Associations between attention-deficit/hyperactivity disorder and autoimmune diseases are modified by sex: a population-based cross-sectional study
Peer reviewed, Journal article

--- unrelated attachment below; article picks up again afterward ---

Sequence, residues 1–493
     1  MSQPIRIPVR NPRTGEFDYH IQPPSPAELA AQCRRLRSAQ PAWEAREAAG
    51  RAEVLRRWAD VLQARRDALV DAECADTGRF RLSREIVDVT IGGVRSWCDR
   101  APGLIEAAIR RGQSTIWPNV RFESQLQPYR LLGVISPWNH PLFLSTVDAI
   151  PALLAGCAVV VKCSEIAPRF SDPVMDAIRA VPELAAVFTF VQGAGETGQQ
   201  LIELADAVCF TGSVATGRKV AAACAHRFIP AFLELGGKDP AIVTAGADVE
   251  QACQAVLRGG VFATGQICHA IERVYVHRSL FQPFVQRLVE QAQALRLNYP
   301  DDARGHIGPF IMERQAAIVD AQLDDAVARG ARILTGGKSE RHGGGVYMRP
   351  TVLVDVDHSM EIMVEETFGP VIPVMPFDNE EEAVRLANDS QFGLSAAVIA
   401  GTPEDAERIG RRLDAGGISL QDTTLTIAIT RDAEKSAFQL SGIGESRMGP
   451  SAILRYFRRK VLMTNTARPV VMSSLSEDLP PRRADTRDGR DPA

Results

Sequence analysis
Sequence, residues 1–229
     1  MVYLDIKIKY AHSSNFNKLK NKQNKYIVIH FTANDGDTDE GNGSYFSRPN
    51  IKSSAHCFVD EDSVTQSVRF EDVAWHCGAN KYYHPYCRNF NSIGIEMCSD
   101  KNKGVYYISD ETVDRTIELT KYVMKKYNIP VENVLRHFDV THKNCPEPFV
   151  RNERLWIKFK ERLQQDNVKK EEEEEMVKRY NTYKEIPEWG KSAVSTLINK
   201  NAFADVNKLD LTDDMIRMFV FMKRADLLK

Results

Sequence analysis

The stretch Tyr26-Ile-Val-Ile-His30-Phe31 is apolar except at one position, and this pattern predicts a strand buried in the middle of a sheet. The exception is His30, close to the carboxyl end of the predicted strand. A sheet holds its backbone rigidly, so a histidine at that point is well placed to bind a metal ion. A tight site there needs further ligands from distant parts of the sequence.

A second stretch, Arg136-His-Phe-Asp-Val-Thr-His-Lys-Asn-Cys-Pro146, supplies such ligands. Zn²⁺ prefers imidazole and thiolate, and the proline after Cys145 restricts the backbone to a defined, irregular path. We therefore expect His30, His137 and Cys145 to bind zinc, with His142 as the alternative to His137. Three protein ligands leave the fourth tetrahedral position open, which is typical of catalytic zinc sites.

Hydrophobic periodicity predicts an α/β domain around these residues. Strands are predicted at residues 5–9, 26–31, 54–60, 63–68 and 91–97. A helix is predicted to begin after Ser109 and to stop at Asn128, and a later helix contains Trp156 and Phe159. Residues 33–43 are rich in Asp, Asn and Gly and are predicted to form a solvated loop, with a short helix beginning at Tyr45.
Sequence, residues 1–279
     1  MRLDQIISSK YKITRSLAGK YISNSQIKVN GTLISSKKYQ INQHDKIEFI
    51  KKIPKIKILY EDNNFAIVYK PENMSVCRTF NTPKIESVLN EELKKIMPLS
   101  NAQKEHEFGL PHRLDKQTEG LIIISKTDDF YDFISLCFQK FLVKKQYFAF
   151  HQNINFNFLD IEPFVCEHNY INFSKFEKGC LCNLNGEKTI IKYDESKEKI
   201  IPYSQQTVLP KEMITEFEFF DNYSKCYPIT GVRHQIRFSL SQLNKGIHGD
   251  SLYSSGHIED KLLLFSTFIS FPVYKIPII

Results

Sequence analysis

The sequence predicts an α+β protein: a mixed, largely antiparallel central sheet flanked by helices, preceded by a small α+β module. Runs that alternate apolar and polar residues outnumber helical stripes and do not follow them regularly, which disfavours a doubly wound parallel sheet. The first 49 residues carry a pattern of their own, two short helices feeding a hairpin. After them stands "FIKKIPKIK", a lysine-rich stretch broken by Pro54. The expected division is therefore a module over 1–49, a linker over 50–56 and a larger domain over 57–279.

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Several studies have demonstrated associations between neuropsychiatric disorders, such as attention-deficit/hyperactivity disorder (ADHD), and the immune system, including autoimmune diseases. Since ADHD and many autoimmune diseases show sex-specific properties, such associations may also differ by sex. Using Norwegian national registries, we performed a cross-sectional study based on a cohort of 2,500,118 individuals to investigate whether ADHD is associated with common autoimmune diseases. Associations between ADHD and autoimmune diseases in females and males were investigated with logistic regression and effect modification by sex was evaluated. Several subanalyses were performed. The strongest association was found between ADHD and psoriasis in females, adjusted odds ratio (adjOR) = 1.57 (95% confidence interval: 1.46–1.68) and males, adjOR = 1.31 (1.23–1.40); p value for interaction < 0.0001. Furthermore, among females, ADHD was associated with Crohn’s disease, adjOR = 1.44 (1.16–1.79) and ulcerative colitis, adjOR = 1.28 (1.06–1.54). In contrast, males with ADHD had lower odds of Crohn’s disease, adjOR = 0.71 (0.54–0.92), in addition to a trend for lower odds of ulcerative colitis, adjOR = 0.86 (0.71–1.03); p values for interaction < 0.0001 and 0.0023, respectively. In a group of females where information on smoking and body mass index was available, adjustment for these potential mediators did not substantially alter the associations. Our findings support previously reported associations between ADHD and diseases of the immune system. The associations differ by sex, suggesting that sex-specific immune-mediated neurodevelopmental processes may be involved in the etiology of ADHD.